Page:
Working late into the night in land-locked West Virginia, Bjorn Bergman helped authorities stop a fishing boat from illegally harvesting tuna and sharks thousands of miles away, off the Pacific island nation of Palau.
In late January, Bergman analyzed swiggles on his screen that represented the movements of the Taiwan-flagged fishing boat ShinJyi Chyuu 33. A records search told Bergman that the boat did not have a permit to fish in Palau’s waters, but the zig-zag patterns playing across his monitor suggested that’s exactly what the crew was doing.
Thinking he was seeing pirate fishing in action, Bergman notified Palau’s authorities, who intercepted the boat just 10 miles (16 kilometers) from the outer border of the country’s territory. Officials found a hold full of shark fins and tuna, which they suspected had been illegally caught. (Learn about Palau’s other dramatic efforts to fight pirate fishing.)
Bergman is an analyst with SkyTruth, a small nonprofit that is trying to solve some of the ocean’s most pressing problems by crunching big data.
An aha moment came in 2012, says David Manthos, communications director of Shepherdstown-based SkyTruth, when the team used publically available radar and satellite data to track down the ship responsible for a spill that spread oil across 90 miles (145 kilometers) off Angola.
“We found a black slick and a bright white point at the end of it,” says Manthos, indicating the responsible vessel.
Gradually, the team learned to turn mapping technology toward one of the ocean’s biggest problems: illegal or “pirate” fishing, which a recent study found is responsible for 20 to 32 percent of wild-caught seafood imported into the U.S. Pirate fishers thwart government quotas, avoid fees, and pillage sanctuaries. (See how the White House plans to fight illegal fishing.)
To detect such rule-breaking, SkyTruth partnered with the Pew Charitable Trusts to conduct systematic monitoring in large swaths of the Pacific. That experience led to a new partnership between SkyTruth, Google, and the nonprofit Oceana to develop a platform to allow fisheries officials, governments, companies, and advocacy groups to better track fishing vessels. The result is a website called Global Fishing Watch, launched last November.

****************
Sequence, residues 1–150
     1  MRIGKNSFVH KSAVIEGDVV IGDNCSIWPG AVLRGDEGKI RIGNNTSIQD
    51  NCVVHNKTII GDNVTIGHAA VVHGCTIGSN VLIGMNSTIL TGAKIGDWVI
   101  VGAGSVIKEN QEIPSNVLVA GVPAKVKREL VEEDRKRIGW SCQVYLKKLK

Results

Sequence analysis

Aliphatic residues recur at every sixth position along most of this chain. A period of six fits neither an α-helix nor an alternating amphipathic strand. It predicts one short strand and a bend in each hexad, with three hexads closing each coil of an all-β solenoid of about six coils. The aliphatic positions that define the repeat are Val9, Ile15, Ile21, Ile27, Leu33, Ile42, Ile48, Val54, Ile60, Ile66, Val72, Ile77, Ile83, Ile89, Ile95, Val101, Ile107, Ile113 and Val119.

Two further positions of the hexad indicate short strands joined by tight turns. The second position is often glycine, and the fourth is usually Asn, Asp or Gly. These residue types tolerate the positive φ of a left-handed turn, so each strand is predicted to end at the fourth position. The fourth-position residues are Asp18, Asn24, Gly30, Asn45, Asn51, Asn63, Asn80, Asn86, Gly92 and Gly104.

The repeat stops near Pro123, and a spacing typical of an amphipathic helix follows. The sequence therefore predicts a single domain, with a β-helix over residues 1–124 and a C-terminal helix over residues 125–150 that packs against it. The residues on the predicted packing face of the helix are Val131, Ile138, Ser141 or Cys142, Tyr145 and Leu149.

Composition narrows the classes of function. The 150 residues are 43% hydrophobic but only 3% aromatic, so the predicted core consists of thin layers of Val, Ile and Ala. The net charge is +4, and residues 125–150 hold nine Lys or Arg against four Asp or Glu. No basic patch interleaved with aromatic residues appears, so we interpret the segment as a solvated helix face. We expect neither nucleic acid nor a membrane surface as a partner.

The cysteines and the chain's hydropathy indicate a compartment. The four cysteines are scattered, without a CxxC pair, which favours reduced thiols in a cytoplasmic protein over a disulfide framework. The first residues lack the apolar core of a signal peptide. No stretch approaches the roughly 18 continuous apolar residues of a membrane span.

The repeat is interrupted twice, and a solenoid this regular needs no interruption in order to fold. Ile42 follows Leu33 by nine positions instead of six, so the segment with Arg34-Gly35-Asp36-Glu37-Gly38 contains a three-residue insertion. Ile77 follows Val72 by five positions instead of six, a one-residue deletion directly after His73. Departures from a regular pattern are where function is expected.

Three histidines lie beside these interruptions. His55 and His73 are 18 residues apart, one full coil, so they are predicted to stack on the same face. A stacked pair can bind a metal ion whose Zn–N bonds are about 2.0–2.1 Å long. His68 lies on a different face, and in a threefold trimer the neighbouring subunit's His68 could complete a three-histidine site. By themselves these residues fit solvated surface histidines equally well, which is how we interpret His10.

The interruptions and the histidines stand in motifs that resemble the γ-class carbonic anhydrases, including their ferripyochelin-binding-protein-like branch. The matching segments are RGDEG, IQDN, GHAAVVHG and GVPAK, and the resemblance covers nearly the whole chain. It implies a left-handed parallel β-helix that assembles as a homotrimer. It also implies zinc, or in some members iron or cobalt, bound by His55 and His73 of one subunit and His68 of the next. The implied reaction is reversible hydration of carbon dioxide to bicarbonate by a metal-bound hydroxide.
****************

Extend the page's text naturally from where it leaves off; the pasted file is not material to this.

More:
How the Technology Works
Global Fishing Watch tracks about 40,000 fishing vessels, only a small percentage of the estimated four million that ply the seas. But it’s a start, says Manthos. (Learn how drones can also fight illegal fishing.)
At the core of the platform is data from the Automatic Identification System (AIS) network, which broadcasts ships’ GPS locations. AIS was originally developed so ships could better avoid running into each other and more easily locate those who might need help, but SkyTruth and others discovered that the data tell a lot about what a ship is up to. If it rakes back and forth across a stretch of water, for example, there’s a good chance it's trawling for fish.
In the future anyone will be able to go on the Global Fishing Watch website and track ships, but the data open to the public will probably be a few days old and might not name each ship. Those that pay access fees charged by the satellite providers (such as fisheries enforcement officials) should be able to track individual ships in real time.
Manthos says one goal of the program is to “narrow down the number of vessels in what we call the dark fleet,” or those that opt not to use AIS transmitters.
No Easy Task
The system isn’t foolproof. Some pirate fishers avoid AIS transmitters, says Ami Daniel, co-founder and CEO of the Tel Aviv-based data company Windward. Ships also change their AIS broadcast signals mid-voyage, or secretly transfer illegally caught fish to a second vessel in the middle of the ocean.
Such activities mean tools like Global Fishing Watch are “hopelessly hobbled by inaccurate data,” says Daniel.
Instead, his company is working on an “even bigger” data approach that would combine more types of information into a single “vessel story,” including public and private data from government agencies, intelligence services, and shipping companies. This approach would be harder to cheat.
“Think of it like your own credit card,” says Ami. “If I have your credit card logs, I know where you shop, what you eat, where you go, and so on. Similarly, we are creating the story of a vessel, which provides new visibility.”
To Manthos, the ocean is a resource that belongs to everyone, even though it is often out of sight and out of mind for most people.
“But understanding what fishermen are doing out there, and where our food comes from, is extremely important,” he says.
This story was updated on June 16 at 10 am ET with more information about SkyTruth's programs and to correct the error that there are four million fishing boats in the world, not 400,000.